It is often said that English law does not impose “remedial” constructive trusts because it is manifestly inappropriate and fundamentally unjustified to impose trusts through the exercise of judicial discretion and with retrospective effect. This paper observes the definitional deficiencies in this understanding, and reanalyses constructive trusts in terms of the rights which they give effect to. This understanding reveals that English law sets its face against the exercise of discretion in relation only to some “remedial” constructive trusts and not others, and that the perceived difficulties with remedial constructive trusts are often exaggerated. It ends by noting some crucial implications of the reanalysis for the future development of the law.
Friday, June 24, 2016
Alexandra Braun & Anne Roethel recently published an Article entitled, Passing Wealth on Death. Will-Substitutes in Comparative Perspective, Oxford Legal Studies Research Paper No. 38/2016 (2016). Provided below is an abstract of the Article:
Wealth can be transferred on death in a number of different ways, most commonly by will. Yet a person can also use a variety of other means to benefit someone on death. Examples include donationes mortis causa, joint tenancies, trusts, life-insurance contracts and nominations in pension and retirement plans. In the US, these modes of transfer are grouped under the category of 'will-substitutes' and are generally treated as testamentary dispositions.
Much has been written about the effect of the use of will-substitutes in the US, but little is generally known about developments in other jurisdictions. For the first time, this collection of contributions looks at will-substitutes in a comparative perspective. It examines mechanisms that pass wealth on death across a number of common law, civil law and mixed legal jurisdictions, and explores the rationale behind their use. It analyses them from different viewpoints, including those of owners of businesses, investors, as well as creditors, family members and dependants. The aims of the volume are to show the complexity and dynamics of wealth transfers on death across jurisdictions, to identify patterns between them, and to report the attitudes towards the different modes of transfer in light of their utility and potential frictions they give rise to with policies and principle underpinning current laws.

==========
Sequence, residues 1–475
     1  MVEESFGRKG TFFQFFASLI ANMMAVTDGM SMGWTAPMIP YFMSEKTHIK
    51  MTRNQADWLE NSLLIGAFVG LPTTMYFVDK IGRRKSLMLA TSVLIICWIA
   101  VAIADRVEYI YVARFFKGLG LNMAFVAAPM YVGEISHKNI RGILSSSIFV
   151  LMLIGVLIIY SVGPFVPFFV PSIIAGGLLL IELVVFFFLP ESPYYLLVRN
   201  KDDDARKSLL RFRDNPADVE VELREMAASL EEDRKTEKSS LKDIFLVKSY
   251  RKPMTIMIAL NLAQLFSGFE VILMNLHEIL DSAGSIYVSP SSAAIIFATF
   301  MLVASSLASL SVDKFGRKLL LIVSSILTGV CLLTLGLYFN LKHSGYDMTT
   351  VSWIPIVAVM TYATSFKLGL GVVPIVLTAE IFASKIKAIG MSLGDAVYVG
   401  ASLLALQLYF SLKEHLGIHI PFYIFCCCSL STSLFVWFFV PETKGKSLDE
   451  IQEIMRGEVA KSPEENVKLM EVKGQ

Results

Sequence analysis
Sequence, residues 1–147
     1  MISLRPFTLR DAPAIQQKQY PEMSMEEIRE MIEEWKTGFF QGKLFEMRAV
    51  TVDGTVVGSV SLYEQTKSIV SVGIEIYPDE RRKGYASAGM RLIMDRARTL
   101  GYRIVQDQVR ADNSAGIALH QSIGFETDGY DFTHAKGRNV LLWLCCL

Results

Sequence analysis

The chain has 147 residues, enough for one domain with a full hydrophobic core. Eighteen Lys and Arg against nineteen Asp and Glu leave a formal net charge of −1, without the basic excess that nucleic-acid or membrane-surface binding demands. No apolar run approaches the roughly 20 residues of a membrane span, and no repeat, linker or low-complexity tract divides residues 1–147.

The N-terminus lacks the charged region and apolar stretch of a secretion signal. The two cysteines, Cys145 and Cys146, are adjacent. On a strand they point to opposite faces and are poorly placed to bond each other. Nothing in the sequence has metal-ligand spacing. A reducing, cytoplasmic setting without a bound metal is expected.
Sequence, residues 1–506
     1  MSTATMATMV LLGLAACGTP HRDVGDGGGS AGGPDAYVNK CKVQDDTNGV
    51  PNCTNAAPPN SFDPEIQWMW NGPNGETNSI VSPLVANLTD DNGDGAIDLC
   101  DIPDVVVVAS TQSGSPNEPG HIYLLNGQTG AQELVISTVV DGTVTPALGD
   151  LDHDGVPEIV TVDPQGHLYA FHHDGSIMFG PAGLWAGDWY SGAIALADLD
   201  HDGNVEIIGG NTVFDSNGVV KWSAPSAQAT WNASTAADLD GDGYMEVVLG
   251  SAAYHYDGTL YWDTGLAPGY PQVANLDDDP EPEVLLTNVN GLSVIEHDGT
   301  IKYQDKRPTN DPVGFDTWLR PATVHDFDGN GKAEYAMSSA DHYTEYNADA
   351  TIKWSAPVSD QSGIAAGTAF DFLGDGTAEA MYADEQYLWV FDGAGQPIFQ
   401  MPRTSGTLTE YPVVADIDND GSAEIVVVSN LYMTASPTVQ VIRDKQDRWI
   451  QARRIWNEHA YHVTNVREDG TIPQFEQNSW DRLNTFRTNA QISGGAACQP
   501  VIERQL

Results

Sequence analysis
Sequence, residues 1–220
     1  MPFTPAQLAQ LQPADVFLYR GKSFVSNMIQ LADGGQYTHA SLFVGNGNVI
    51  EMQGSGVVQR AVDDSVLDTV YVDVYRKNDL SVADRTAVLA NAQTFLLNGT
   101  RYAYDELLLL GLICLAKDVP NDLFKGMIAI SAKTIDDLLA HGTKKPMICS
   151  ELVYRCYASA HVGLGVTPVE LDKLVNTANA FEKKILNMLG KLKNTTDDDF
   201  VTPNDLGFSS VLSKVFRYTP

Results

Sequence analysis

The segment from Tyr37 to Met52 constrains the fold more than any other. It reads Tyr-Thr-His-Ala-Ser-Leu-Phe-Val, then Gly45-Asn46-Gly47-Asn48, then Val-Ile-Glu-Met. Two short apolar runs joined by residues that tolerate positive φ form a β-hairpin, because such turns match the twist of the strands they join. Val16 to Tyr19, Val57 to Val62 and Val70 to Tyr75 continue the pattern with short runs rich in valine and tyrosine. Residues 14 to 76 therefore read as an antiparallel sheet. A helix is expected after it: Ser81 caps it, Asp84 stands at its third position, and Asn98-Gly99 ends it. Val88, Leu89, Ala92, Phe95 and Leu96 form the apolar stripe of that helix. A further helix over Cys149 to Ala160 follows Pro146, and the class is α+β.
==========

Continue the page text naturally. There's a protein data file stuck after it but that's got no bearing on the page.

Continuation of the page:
The Article details ten steps to take when kick-starting your estate plan. A couple important steps are to designate a power of attorney and health care power of attorney, so that when you are unable to make appropriate decisions, you have the help necessary. Another important step is to create a list of financial accounts and documents, keeping them in a safe place for when your family members need access to them. Additionally, as circumstances and laws change, always review your estate plan yearly.
See Natalie Campisi, Your Estate Planning Checklist: How to Create a Financially Sound Estate Plan, Go Banking Rates, June 22, 2016.